NEW signing Konrad Hurrell knows there is plenty of talent in front of him at Saints - but he has fixed his sights firmly on proving coach Kristian Woolf right and that on his day he is a world class centre.

The Tongan international has teamed up with his national coach after spending three years at Leeds Rhinos – and explained that Woolf’s faith in him plus the lure of the winning environment was just too good an opportunity to miss.

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But with England international Mark Percival fixed in one centre berth, and Tonga skipper Will Hopoate earmarked to take the spot vacated by Kevin Naiqama, Hurrell knows he has plenty to do to get a shot at his favoured role.

However, it is a challenge he is keen to rise to and is getting stuck into a pre-season where his focus is not simply on fitness but a desire to tidy parts of his game.

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Hurrell said: “It is good to hear that belief from your coach, it is just up to me to work hard because I have an opportunity and just need to prove myself.

“I am not trying to prove people wrong, I just want to show that I can still show that I am the world class centre that Woolfy sees me as.

“There are a lot of players in front of me, but that is not going to stop me from trying to prove myself that I am good enough to be in the team.

“I am going to keep on pushing and when I get the opportunity to be in that starting line up, or the 17, I want to stay there as much as I can without disrespecting other players.”

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Having seen the talent in the Saints backline, the 30-year-old former New Zealand Warriors and Gold Coast Titans centre knows he will have to grab any opportunities with both hands.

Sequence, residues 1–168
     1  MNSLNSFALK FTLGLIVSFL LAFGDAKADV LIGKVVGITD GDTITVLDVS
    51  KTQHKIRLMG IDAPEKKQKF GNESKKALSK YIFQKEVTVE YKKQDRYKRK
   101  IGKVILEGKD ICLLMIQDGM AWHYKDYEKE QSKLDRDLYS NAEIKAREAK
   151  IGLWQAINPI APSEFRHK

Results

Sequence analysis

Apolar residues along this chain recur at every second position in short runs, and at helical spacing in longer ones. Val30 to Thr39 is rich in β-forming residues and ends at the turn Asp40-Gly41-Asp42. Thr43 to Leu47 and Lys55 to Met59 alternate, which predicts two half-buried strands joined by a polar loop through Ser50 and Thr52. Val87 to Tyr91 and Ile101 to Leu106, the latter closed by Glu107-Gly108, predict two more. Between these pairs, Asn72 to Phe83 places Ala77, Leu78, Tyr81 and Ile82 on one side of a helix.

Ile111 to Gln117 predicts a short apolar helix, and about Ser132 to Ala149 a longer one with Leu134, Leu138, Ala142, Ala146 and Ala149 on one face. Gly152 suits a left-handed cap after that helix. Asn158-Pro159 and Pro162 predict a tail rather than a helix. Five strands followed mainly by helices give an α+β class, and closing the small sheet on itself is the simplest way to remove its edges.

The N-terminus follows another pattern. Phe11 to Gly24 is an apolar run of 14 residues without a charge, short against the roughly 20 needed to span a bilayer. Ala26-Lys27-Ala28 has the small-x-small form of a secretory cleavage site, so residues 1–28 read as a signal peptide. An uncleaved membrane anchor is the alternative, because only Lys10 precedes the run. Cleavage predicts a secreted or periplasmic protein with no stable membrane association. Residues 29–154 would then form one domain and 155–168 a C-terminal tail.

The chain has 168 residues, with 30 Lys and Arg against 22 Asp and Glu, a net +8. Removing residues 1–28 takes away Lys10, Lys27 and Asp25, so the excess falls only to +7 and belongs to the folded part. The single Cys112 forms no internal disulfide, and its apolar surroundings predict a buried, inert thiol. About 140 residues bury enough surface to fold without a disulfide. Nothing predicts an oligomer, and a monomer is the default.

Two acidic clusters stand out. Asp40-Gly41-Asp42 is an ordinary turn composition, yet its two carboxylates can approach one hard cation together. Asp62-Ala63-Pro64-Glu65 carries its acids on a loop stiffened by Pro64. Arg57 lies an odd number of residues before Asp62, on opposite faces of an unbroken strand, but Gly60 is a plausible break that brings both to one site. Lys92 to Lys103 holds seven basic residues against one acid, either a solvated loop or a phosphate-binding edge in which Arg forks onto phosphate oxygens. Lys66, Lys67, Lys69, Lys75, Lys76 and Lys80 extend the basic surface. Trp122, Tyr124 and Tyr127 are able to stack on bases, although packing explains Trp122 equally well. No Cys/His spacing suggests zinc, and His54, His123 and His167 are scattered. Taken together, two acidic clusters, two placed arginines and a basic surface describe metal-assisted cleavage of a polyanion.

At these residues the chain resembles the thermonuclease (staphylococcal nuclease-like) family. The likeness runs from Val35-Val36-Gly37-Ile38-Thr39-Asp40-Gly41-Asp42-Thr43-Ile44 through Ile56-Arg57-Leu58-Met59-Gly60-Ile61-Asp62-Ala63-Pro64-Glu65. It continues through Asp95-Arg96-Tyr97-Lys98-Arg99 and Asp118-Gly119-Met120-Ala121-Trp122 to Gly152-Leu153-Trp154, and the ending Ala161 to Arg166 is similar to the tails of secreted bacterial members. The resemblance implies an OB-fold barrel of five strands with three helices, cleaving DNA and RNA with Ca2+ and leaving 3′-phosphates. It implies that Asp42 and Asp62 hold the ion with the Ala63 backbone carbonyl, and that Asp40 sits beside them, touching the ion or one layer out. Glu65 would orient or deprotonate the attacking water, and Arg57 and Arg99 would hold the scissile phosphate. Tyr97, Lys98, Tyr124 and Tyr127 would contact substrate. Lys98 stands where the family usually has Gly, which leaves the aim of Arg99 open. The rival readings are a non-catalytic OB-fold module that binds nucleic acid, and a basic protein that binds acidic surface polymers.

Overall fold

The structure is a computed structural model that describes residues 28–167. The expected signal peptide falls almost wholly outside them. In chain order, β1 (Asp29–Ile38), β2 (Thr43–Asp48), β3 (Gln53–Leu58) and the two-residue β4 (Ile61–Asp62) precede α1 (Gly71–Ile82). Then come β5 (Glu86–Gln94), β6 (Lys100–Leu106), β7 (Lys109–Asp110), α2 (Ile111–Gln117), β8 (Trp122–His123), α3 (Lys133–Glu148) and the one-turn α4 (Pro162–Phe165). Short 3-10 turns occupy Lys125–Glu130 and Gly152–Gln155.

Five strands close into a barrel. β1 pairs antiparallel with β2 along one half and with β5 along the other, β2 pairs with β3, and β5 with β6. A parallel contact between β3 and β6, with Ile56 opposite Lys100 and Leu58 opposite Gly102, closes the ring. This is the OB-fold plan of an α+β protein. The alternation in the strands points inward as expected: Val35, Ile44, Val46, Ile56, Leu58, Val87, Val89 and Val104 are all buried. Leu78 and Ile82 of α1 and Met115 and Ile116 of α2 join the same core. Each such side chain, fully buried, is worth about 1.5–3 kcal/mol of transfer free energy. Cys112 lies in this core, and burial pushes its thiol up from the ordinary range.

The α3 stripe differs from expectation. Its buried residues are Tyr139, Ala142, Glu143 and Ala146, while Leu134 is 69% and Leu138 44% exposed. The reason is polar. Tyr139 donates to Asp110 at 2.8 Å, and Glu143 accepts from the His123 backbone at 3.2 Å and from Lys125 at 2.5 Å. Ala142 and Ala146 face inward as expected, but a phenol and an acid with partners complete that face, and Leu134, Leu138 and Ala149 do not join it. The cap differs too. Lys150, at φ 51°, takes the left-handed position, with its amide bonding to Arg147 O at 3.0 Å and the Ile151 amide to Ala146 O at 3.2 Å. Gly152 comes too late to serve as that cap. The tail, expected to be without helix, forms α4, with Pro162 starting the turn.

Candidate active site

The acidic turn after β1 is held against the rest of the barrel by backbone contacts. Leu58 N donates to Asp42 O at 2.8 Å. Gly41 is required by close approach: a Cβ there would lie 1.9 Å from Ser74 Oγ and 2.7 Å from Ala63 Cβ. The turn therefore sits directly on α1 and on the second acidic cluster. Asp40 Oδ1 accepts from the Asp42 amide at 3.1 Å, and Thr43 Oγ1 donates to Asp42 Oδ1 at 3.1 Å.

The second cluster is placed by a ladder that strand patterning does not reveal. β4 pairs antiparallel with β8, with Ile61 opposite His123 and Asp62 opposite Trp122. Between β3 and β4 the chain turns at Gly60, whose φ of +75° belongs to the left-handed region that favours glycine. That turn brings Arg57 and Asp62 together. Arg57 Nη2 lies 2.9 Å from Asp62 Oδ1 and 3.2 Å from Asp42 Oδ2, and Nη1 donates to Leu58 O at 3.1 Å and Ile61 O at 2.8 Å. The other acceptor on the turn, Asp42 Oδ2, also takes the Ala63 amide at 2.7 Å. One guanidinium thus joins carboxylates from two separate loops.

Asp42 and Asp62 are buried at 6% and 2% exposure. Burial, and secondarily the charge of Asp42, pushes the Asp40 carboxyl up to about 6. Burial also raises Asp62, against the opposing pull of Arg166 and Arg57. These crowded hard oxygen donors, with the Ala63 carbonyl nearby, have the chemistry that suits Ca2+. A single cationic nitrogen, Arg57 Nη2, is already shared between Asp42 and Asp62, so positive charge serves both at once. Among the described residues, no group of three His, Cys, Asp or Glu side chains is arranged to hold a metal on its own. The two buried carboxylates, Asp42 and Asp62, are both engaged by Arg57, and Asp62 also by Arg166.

“That challenge is what I am looking forward to and I am excited to try and get that spot in the team and not let anyone down,” he said.

“I have played centre my whole career but if Woolfy wants me to fit in somewhere else I will put my hands up and play there but at the moment I am focusing on trying to be the best centre in the team and hopefully the comp.

“I can do stuff that some other players can’t do but I just need to work on a lot of things that will keep me up to the pace of being the best centre.

“So I am working on the little missed tackles or dropped balls – working hard on the little things that I need to tidy up week in, week out.

“If I can do those little things I will hopefully show people what I can really do.

“Getting a full pre-season under my belt can help me be the best centre I can be and the best shape I can be for the whole of 2022.”

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There was something of a mixed reaction when Saints swooped for the Tongan World Cup centre and offered him a one-year deal.

Unplayable at times in his first two season with Leeds, especially in the game against Saints in 2019, his form dipped following a family bereavement.

Hurrell’s mum Fatafehi, passed away at the young age of 63 in June 2020. A tough situation at any time, but made even more testing by Covid lockdown and his family being 12,000 miles away in Tonga.

Hurrell, the youngest of six children, traditionally blew a kiss to his mum as part of his try celebrations.

Coming to St Helens has given him that opportunity to rekindle his form with the Three-peat champions.

It was an opportunity he was not going to let pass him by.